MS: How do you use color as you develop a character or a scene?
BQ: Again, it all depends on the project. In my play SUMMERLAND based on the Fox sisters, I drew. I was on two fellowships at The MacDowell Colony and was inspired by all the great visual artists. Frustrated in my writing process, I ended up drawing (badly) colorful circular forms. I was trying to imagine the supernatural. I made dozens of drawings and cut out collages, trying to wrap my mind around the “ghosts,” both real and imagined in the play. While working on PLUSH LUST (I was at The Virginia Center for the Creative Arts on a fellowship) and I made collages and drawings to both imagine and define the spaces that the designers lived in and the spaces their imaginary firm designed.
MS: Brian, as a visual artist, I like the fact that you move to a visual practice to help you define your characters. I find this true of other playwrights and directors, I’m specifically thinking of Robert Wilson, whose drawings relate directly to the light and spaces of his productions. Orson Welles would draw his productions out before he began – translating the text into a visual experience. In your drawings you used circular images to refer to the supernatural – you were searching for a way to represent the un-seen or unknown. How do you translate your visual images back into the text in this regard?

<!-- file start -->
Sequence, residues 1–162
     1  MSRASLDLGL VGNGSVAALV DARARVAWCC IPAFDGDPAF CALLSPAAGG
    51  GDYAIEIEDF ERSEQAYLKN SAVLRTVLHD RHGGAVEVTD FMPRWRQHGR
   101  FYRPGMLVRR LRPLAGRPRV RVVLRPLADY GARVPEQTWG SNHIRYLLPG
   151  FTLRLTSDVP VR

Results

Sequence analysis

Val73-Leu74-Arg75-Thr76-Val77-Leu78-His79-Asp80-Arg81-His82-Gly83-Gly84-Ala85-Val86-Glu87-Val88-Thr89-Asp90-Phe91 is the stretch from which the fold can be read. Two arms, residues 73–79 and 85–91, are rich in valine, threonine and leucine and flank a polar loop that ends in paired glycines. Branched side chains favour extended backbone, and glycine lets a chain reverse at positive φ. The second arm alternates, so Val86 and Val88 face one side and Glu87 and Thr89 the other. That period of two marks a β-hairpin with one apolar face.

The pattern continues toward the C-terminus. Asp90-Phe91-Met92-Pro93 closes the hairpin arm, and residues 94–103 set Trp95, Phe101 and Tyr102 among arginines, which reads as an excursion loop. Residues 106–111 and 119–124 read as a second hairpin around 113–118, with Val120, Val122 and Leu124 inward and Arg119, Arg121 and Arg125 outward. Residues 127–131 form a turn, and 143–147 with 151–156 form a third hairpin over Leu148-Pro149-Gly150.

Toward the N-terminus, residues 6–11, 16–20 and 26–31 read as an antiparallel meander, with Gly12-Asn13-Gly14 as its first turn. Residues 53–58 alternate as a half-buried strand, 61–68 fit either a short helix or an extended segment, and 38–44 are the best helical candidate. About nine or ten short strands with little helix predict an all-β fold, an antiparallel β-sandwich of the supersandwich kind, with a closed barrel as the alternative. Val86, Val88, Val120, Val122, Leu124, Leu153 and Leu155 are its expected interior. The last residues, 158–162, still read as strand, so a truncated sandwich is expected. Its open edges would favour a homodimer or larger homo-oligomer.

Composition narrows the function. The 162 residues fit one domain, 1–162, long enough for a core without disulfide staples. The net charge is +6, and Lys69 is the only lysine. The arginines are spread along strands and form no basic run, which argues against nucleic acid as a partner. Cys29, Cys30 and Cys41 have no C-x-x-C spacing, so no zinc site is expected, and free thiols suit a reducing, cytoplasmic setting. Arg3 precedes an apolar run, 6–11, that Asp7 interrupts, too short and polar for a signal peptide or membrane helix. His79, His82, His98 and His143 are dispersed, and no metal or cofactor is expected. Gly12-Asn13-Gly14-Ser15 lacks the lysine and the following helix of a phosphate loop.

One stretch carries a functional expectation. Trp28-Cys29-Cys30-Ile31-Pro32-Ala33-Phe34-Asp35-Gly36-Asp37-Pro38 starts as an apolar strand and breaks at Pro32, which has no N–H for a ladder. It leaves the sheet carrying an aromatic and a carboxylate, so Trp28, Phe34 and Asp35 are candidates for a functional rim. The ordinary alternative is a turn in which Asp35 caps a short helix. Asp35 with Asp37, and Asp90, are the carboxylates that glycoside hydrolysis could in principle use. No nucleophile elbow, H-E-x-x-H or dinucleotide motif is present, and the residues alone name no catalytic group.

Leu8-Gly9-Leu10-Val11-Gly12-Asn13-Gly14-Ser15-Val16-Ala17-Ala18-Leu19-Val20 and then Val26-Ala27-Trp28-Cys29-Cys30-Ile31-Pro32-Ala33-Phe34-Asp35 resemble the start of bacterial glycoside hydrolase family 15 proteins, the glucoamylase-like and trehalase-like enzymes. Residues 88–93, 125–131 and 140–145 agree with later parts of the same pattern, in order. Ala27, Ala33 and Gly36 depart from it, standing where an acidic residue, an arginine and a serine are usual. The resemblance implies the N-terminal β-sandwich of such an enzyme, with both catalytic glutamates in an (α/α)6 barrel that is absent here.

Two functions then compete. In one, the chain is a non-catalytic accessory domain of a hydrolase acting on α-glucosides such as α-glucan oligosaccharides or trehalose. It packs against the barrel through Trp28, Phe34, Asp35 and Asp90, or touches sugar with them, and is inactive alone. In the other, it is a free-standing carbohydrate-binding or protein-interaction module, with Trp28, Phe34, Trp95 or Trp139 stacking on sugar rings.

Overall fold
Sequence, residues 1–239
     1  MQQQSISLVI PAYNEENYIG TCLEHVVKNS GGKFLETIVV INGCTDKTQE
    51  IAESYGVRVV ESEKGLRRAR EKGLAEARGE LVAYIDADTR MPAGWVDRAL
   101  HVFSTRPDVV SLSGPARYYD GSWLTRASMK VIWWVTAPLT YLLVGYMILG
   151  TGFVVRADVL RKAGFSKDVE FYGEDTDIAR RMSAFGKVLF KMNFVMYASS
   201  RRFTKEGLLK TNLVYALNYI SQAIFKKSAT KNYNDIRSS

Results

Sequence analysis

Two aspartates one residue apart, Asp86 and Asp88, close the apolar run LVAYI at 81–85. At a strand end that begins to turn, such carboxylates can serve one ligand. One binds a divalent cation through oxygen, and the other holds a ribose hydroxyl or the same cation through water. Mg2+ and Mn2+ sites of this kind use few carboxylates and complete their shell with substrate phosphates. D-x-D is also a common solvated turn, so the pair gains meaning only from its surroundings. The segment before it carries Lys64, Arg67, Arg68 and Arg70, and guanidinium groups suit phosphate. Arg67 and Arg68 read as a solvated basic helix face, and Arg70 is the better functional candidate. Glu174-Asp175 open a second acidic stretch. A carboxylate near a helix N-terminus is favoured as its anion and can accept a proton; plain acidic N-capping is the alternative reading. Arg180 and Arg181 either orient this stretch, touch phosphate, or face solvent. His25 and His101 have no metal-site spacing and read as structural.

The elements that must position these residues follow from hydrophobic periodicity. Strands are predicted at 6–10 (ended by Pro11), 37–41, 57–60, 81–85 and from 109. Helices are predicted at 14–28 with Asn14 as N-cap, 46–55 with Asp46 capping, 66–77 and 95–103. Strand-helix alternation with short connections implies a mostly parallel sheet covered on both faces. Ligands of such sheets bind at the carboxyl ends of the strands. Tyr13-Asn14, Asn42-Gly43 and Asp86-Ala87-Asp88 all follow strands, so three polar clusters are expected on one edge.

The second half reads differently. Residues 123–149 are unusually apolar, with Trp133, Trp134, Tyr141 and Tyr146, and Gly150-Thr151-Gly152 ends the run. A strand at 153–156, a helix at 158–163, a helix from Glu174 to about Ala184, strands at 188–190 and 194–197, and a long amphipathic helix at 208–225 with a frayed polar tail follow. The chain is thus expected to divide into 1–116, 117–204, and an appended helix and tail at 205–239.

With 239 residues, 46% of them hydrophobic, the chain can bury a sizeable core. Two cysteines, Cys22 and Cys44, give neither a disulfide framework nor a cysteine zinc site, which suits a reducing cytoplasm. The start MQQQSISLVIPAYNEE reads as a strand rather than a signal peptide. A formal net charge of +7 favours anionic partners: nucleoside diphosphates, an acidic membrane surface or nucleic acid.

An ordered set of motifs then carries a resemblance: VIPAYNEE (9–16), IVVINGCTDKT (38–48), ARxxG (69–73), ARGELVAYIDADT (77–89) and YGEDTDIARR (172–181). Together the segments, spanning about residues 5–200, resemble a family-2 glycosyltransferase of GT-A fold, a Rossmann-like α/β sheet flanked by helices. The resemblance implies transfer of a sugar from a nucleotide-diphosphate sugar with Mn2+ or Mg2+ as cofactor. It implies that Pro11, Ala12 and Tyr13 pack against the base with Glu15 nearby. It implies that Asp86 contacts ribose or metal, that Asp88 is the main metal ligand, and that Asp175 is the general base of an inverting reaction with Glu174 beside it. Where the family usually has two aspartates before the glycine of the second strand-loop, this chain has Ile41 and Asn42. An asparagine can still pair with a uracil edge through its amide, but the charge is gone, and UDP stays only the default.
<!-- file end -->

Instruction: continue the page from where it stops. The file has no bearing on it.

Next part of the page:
BQ: The images that I drew became clues to me as far as the text and also the character. In a way, the drawings made me realize that the girls were just regular normal children (this was the solid element that appeared in the drawings.) Their “gift” (the ability to speak to the dead) was the lines that were spiraling out all over the page.
MS: Has this become part of your process when you’re writing (using visual practices) to define the text?
BQ: I am very inspired and influenced by visual arts. I have used this visual practice to develop two scripts and I’m sure I will again but for the last play I wrote NERINE, I did not define the text visually.
MS: As the play forms on the page lighting must become a great concern. How do you indicate the light or the spaces of light in your writing?